To mark the 40th anniversary of the death of the country’s founding leader, Amilcar Cabral, on 20 January, a newly formed think-tank – the Benten Institute – organised the inaugural Guinea Bissau Economic Forum, under the theme “What would Cabral do?”.
Guinea Bissau has had a chequered history, which has been widely documented. Fortunately, this tarnished reputation does not match up to the reality on the ground. A visit to its capital city, Bissau, does not give the impression of a failed state, nor a fragile one, although there are signs of political and economic stagnation, resulting from the past decade of political instability. If some of the media potrayals of the country are to be believed, the first-time visitor to Bissau would probably expect to see a city run amok by South American drug lords, arms traders and smugglers. Yet, to the contrary, the city is relatively peaceful and comparatively safer than most other African capitals.
Guinea Bissau was the first African country to attain independence from the Portuguese, under the leadership of national hero and renown strategist and intellectual Amilcar Cabral. But it has lagged behind other Portuguese-speaking African countries, which have been attracting investment and plaudits from academics, economists and businessmen alike.
It was with such a backdrop that the newly formed Instituto Benten organised the first Guinea Bissau Economic Forum to help lay new foundations for the country’s economic transformation. This think tank is the brainchild of Paulo Gomes, a well connected businessman who once served as one of the World Bank’s youngest executive director.
Gomes has developed a strong network, evidenced by the calibre of those gathered at the Forum, who included influential businessmen, politicians, academics and officials from major financial multilaterals such as the World Bank, the IMF and IFC, as well as UN officials. There was also a strong participation from local Guineans and encouragingly, these included many young participants from local universities and schools.
But why exactly did Gomes set up the Economic Forum?
“In Guinea, what is clearly lacking is an operational strategy that enables us to identify a portfolio of structural projects to transform the country, and this is what I wanted the Forum to focus on,” he explained, also expressing his satisfaction at the outcome of the Forum’s first outing:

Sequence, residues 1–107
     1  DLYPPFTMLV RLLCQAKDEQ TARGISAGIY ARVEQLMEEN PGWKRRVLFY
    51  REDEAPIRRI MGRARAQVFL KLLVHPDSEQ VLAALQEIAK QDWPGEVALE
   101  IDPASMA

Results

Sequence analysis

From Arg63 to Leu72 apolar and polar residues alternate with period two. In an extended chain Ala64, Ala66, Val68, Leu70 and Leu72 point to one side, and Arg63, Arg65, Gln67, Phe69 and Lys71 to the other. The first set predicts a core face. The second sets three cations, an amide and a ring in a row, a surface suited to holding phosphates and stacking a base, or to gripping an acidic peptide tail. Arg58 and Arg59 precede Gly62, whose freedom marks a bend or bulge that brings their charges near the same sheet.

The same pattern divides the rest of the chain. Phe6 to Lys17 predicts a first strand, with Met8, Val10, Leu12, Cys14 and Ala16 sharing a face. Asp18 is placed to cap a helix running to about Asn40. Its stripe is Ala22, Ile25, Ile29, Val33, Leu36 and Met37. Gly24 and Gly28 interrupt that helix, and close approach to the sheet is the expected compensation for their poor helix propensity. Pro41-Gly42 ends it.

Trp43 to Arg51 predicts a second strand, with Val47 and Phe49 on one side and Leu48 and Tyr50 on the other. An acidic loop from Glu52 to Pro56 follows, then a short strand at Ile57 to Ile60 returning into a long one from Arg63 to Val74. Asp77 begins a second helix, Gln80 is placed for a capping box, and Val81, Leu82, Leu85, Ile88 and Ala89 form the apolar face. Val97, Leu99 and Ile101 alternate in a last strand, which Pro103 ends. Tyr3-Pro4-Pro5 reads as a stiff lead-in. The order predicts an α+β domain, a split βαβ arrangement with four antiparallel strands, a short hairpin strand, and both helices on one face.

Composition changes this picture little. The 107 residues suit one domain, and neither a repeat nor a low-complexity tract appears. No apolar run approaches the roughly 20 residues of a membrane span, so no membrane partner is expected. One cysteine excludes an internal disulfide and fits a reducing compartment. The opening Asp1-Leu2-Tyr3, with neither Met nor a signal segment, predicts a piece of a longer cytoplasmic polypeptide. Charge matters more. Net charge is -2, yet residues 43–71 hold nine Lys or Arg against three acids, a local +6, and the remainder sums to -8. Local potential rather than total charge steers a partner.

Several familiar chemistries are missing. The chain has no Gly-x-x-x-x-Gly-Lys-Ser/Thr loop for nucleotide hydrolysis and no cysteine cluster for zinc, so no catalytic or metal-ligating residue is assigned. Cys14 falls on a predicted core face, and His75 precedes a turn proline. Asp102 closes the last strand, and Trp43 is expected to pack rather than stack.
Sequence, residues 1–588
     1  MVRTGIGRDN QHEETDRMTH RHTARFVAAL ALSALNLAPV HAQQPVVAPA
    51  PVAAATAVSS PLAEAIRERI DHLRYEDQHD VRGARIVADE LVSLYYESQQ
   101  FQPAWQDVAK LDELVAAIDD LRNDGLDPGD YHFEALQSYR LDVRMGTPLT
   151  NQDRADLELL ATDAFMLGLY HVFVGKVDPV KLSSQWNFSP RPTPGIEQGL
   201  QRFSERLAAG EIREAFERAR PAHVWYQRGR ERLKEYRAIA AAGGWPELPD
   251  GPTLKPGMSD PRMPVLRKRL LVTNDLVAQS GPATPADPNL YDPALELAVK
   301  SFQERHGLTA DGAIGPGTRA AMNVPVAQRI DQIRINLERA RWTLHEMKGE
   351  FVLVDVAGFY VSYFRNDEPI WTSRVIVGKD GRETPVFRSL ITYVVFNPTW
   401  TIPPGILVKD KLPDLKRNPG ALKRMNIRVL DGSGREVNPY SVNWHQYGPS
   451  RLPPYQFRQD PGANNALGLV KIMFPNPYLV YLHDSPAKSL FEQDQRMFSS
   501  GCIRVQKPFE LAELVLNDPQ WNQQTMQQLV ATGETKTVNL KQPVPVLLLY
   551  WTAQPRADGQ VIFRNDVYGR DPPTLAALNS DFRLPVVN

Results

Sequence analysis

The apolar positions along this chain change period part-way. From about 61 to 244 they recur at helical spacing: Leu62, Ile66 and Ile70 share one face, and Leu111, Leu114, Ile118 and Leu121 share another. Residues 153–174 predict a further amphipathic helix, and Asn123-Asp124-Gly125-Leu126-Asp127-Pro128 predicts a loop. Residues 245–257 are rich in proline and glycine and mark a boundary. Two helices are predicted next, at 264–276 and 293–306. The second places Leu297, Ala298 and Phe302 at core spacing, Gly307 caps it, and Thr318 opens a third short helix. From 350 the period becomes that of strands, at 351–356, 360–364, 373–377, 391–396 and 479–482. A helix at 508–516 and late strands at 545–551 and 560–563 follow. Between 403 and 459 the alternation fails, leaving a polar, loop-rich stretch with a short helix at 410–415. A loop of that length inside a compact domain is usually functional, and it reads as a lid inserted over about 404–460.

“I’m pleased with the level of engagement. The Teylium group [which has the biggest hotel and shopping mall development in neighbouring Senegal] has agreed to build a hotel in Bissau. South African investors are looking at an eco-lodge. A Chinese businessman is looking at connecting Guinea Bissau to an undersea cable. And we are discussing how to build transmission lines to Guinea-Conakry’s hydro damn in Kaleta which will be operational by 2015. Lastly, an Israeli investor expressed interest in developing his agri-business activities in the country.” During a panel discussion when speakers were asked what areas Guinea Bissau should focus on, management consultant Victor Ndiaye stressed that the fisheries sector provides a huge area of growth in Guinea Bissau. Astonishingly, the government receives some $35m from the European Union to allow European vessels to fish in Guinean waters.
The same can be said of the cashew nuts industry, which today operates in a rentier style industry. The vast majority of the cashew harvests are exported raw to India. Again, adding structure to the industry and creating the full value chain internally could transform the economy.
Guinea Bissau also has a rich biodiversity and natural heritage, which can provide the country with immense opportunities in eco-tourism.
It was left to keynote speaker, former Nigerian president Olesugun Obasanjo, to drive the point home, stating that “potential alone never brought food to the table”. The year 2013 will be crucial in terms of the transition of the country and moving forward as envisaged by Gomes’ Forum ideals, and political stability will have to be one of the cornerstones.
The coalition government of Guinea Bissau, which was formed after last year’s coup, is still not recognised by any of the international bodies including the African Union and the European Union. Discussions are under way with the international community, with Ramos Horta, Nobel prize winner and former president of Timor, as the mediator. Undoubtedly the UN willneed to take a lead role to reconcile the different parties so that the country can re-enter the international arena.
Gomes also stressed that civil society and the private sector can play an active role in driving the agenda for change. “By assembling a strong economic front, this platform [of civil society and the private sector] can provide the momentum for change, and stability,” he said. The Forum concluded that to make progress, the country’s responsibility is a collective one and the challenges it faces can only be met by united efforts in line with Cabral’s “bottom-up” philosophy.